How to Get Good Recommendations from Professors
Plan ahead for College References
Most students spend a lot of time preparing for tests and doing well on their courses, but they don't think much about how to get a good recommendation. Yet it is often those recommendations which can be what finally determines whether or not you get into college, graduate school, or whether you get the job you want.
References Help You Get Where you Want
Are Recommendations Important?
Absolutely, and more now than ever. After candidates for a job or graduate school are ranked based on scores, grades and essays, recommendations are often a way of making a final cut. A person with fantastic test scores and good grades whose recommendations are tepid may be moved to the end of the pile, while a student whose scores and grades are only moderately good but has recommendations which show that they are a strong leader, work well in groups, put forth extraordinary effort and continually seek to improve may move to the top.
Recommendations can make you stand out, but they can also rule you out of a job, even if everything else looks good.A recommendation attests to your character, motivation, ability to get along with other people, effort and other things which are perhaps the most important things in your actual performance on a job.Employers know that sometimes recommendations are the best information they get outside of an interview.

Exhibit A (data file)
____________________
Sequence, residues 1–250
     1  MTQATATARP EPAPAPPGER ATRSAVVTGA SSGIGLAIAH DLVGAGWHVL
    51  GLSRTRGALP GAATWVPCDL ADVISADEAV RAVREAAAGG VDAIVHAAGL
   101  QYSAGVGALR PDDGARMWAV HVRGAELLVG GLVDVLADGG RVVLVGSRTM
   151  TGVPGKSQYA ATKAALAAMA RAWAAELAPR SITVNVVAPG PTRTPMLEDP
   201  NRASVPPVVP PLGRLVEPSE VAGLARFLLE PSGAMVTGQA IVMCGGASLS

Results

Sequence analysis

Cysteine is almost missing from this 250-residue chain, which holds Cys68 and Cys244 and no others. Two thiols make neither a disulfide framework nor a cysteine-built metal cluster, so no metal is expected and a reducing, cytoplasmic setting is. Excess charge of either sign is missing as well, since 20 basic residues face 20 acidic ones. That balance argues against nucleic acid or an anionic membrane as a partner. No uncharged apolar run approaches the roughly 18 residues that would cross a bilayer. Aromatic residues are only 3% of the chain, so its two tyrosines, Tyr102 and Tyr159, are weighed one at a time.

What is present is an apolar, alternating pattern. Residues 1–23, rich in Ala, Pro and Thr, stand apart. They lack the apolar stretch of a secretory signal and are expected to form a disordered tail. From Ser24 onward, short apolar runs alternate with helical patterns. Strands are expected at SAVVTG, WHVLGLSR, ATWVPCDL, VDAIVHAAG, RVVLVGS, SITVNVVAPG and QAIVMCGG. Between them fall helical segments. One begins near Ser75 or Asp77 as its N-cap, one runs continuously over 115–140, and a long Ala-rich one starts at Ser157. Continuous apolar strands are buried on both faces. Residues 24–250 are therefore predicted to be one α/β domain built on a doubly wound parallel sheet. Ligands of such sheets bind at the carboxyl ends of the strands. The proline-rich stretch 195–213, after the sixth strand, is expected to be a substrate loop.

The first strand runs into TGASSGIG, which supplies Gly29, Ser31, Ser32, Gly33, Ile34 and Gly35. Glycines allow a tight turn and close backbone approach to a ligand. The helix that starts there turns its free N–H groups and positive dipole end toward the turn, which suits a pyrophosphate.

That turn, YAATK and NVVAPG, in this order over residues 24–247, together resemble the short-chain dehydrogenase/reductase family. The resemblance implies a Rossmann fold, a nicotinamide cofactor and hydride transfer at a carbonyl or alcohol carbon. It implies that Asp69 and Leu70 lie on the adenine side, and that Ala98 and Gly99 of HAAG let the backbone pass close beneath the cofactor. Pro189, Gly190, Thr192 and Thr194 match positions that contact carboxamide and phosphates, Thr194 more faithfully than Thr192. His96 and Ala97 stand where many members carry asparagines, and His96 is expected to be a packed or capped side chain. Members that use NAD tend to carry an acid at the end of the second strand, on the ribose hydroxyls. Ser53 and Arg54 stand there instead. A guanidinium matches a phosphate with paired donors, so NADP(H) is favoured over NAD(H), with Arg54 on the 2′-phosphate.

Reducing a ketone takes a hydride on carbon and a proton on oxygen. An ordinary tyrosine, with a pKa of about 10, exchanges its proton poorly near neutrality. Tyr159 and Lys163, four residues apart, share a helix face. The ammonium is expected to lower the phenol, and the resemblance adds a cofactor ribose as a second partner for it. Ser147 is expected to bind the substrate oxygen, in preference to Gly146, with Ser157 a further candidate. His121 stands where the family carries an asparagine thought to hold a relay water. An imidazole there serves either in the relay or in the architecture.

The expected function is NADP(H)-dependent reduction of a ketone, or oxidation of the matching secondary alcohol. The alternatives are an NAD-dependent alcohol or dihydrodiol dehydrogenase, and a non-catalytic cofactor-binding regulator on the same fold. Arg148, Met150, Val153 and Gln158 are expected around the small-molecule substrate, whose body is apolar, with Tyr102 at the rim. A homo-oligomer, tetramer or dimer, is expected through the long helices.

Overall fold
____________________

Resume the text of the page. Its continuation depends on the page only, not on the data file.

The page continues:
Why do you need a recommendation?See results without voting
How are Recommendations Used?
Having worked in a University for 20 years and in education for ten years prior to that, I've been a part of many discussions over hiring employees and graduate admissions. Generally, the first thing that is looked at is test scores (if they are available). Everyone knows that test scores are not a final indicator of performance, but they are a way to compare applicants. Along with test scores, grades and courses taken are considered as well as any essays you might provide.
How to Choose Someone to Recommend You
What You Need to Do
Unfortunately, many students make recommendations an afterthought, and they may not have good recommendations because they got them from the wrong person, or at the last minute.
Here are some tips to make sure you get the recommendations you deserve: